ALSC receives $100,000 grant from the W.K. Kellogg Foundation to support multicultural literacy campaign

Contact: Linda Mays


Program Officer, ALSC


312-280-1398


lmays@ala.org
For Immediate Release


October 31, 2006

ALSC receives $100,000 grant from the W.K. Kellogg Foundation


to support multicultural literacy campaign


(CHICAGO) The Association for Library Service to Children (ALSC), a division of the American Library Association, has received an unprecedented fourth grant from the W.K. Kellogg Foundation for $100,000 to support its national awareness efforts and community participation in El día de los niños/El día de los libros (children’s day / book day). The grant is the largest ever received from the W.K. Kellogg Foundation, and will assist with ALSC ‘s work with libraries and support efforts to reach literacy-based organizations outside the library community.

Celebrated every April 30th, El día de los niños/El día de los libros (Día) spreads "bookjoy" by linking children from all languages and cultures with books, and brings hundreds of communities from across the country together to celebrate multiculturalism. Día honors children, their languages and culture, encourages reading and literacy, and promotes library collections and programs that reflect the country’s diverse communities.

"ALSC would like to thank the W.K. Kellogg Foundation for supporting our efforts to promote Día to the masses," said ALSC President Kathleen T. Horning. "As our country is becoming more diverse, there is no better time to celebrate and promote the free multicultural resources libraries have to offer. We want to encourage every child and their parents to turn to their local library as a resource to learn about the world."

Librarians can host Día events of their own by taking advantage of program resources available through the Día Web site at www.ala.org/dia. Resources include bilingual booklists, free downloadable flyers and bookmarks, program ideas and much more. Additional Día resources also can be found on the Texas Library Association’s Web site at www.texasdia.org.

El día de los niños/El día de los libros is an enhancement of Children’s Day, which began in 1925 as a result of the first "World Conference for the Well Being of Children" in Geneva, Switzerland. Children’s Day was designated as a day to bring attention to the importance and well being of children. It was then designated by the United Nations for November 20, by UNICEF for April 23 and by Mexico for April 30 (Día del Niño). In 1996, Pat Mora, nationally acclaimed author of books for children and adults, proposed linking the celebration of childhood and children with literacy.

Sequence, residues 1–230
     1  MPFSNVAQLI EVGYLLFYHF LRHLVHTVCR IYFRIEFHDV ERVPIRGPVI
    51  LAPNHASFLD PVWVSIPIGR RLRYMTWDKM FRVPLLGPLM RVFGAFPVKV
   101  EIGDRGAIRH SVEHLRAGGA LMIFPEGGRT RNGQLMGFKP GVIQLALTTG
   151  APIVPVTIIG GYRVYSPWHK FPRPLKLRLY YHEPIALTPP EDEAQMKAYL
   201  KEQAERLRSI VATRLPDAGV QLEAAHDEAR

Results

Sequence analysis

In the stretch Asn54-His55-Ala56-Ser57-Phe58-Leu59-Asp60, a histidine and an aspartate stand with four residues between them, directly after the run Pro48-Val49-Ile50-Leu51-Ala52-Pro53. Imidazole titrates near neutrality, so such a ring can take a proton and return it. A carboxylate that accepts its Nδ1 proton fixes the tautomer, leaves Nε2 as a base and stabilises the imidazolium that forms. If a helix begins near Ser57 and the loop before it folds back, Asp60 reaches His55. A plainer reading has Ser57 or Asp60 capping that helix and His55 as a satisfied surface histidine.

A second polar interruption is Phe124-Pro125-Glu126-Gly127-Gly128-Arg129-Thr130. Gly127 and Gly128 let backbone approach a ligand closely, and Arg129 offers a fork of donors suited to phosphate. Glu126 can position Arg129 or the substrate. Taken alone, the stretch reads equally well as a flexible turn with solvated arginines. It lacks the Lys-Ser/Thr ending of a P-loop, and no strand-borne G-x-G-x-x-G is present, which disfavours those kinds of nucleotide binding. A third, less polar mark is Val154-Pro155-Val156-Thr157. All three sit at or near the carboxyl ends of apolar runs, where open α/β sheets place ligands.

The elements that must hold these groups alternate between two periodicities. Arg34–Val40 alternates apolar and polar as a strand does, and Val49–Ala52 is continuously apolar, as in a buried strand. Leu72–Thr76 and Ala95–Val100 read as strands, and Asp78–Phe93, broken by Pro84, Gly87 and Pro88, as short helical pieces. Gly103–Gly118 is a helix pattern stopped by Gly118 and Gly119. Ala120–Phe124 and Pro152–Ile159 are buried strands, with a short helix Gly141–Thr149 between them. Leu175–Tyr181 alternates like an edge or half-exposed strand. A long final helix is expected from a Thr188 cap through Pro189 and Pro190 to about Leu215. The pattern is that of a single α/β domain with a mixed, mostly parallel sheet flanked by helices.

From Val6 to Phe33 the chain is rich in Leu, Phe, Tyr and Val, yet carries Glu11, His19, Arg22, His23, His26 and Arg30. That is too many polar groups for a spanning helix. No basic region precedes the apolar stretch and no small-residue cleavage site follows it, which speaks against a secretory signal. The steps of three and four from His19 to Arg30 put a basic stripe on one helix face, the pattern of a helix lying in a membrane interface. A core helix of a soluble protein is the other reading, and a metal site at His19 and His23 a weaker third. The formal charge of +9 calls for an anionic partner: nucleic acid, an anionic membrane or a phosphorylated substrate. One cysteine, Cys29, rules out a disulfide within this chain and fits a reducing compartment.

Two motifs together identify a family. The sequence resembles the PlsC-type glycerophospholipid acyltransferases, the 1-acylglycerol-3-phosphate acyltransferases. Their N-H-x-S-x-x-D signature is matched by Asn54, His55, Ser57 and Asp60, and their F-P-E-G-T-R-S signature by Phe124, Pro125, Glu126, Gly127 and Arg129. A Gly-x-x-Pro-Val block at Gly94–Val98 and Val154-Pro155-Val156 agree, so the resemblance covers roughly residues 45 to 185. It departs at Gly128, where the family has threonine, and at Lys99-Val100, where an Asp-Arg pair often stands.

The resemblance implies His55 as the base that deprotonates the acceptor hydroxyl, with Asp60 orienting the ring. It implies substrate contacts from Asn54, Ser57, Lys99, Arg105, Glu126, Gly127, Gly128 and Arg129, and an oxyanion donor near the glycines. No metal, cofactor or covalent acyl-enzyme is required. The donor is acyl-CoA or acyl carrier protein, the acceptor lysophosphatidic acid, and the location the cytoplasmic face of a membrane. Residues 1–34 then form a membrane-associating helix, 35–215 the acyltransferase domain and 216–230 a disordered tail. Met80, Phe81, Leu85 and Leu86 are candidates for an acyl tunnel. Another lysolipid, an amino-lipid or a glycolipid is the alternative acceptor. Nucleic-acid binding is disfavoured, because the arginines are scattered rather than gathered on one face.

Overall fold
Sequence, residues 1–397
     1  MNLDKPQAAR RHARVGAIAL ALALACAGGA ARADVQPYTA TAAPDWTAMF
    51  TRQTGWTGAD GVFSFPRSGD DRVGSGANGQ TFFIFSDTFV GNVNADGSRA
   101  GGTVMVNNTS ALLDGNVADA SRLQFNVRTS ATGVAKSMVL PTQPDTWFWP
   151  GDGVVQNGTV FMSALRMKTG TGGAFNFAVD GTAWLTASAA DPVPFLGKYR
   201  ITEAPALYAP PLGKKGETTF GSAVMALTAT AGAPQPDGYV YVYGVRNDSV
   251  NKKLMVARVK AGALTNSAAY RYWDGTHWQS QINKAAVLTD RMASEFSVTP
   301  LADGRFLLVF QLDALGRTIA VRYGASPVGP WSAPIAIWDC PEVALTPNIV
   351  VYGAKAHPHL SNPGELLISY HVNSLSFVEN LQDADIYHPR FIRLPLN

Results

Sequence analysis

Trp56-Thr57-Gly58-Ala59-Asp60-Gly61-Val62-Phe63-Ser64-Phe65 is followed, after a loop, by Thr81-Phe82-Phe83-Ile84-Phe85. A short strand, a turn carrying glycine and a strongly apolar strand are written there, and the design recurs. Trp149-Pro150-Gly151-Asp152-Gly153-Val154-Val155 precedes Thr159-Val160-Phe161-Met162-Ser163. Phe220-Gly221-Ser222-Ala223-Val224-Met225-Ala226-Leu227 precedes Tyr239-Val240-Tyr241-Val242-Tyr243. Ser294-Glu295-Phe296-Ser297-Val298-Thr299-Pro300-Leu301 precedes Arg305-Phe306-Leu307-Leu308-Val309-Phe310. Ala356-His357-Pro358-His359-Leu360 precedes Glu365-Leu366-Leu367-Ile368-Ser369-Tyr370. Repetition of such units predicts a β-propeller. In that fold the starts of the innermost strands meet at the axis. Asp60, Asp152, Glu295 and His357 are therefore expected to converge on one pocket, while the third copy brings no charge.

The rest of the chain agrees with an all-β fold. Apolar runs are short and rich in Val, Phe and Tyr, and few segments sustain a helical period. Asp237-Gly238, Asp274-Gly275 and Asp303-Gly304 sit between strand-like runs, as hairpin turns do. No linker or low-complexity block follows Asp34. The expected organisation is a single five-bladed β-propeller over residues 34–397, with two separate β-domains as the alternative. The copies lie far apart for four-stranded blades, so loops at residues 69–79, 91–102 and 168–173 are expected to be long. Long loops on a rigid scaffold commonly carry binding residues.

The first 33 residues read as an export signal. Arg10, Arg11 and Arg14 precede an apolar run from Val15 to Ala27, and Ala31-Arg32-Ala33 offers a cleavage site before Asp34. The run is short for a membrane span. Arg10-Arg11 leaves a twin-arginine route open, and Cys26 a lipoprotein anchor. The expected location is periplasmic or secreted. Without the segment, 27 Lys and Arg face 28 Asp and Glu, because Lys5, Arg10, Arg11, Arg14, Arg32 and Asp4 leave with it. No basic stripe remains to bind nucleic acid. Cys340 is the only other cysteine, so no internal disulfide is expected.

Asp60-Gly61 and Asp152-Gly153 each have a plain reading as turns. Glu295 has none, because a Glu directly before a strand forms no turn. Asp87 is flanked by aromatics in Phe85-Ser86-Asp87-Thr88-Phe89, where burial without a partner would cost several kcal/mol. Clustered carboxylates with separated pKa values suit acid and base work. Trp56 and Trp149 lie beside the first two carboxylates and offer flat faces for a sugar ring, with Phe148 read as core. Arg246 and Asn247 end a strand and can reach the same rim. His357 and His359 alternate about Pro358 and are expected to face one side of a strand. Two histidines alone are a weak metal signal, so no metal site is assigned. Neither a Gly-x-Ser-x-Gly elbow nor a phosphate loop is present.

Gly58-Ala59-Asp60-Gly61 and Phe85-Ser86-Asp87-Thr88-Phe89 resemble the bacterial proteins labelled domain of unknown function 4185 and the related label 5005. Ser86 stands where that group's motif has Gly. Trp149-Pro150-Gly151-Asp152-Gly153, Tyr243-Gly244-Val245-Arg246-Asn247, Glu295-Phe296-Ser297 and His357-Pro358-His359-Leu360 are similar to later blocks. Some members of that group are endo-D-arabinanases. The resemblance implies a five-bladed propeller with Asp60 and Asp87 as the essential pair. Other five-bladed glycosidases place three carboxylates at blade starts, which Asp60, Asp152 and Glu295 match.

REFORMA, the National Association to Promote Library and Information Services to Latinos and the Spanish-Speaking, is a Founding Partner of El día de los niños/El día de los libros. REFORMA’s members have promoted Día in their communities for the past decade. As an affiliate of the ALA, REFORMA has actively sought to promote the development of library collections to include Spanish-language and Latino oriented materials. The organization works to recruit bilingual and bicultural library professionals and support staff, and the development of library services and programs that meet the needs of the Latino community.

The W.K. Kellogg Foundation was established in 1930 "to help people help themselves through the practical application of knowledge and resources to improve their quality of life and that of future generations." Its programming activities center around the common vision of a world in which each person has a sense of worth; accepts responsibility for self, family, community, and societal well-being; and has the capacity to be productive, and to help create nurturing families, responsive institutions, and healthy communities.

ALSC, found in 1941, is the world’s largest organization dedicated to the support and enhancement of service to children in all types of libraries. ALSC sets the agenda for the future of children’s library service and acts as a children’s advocate, urging policy makers to support library service for children.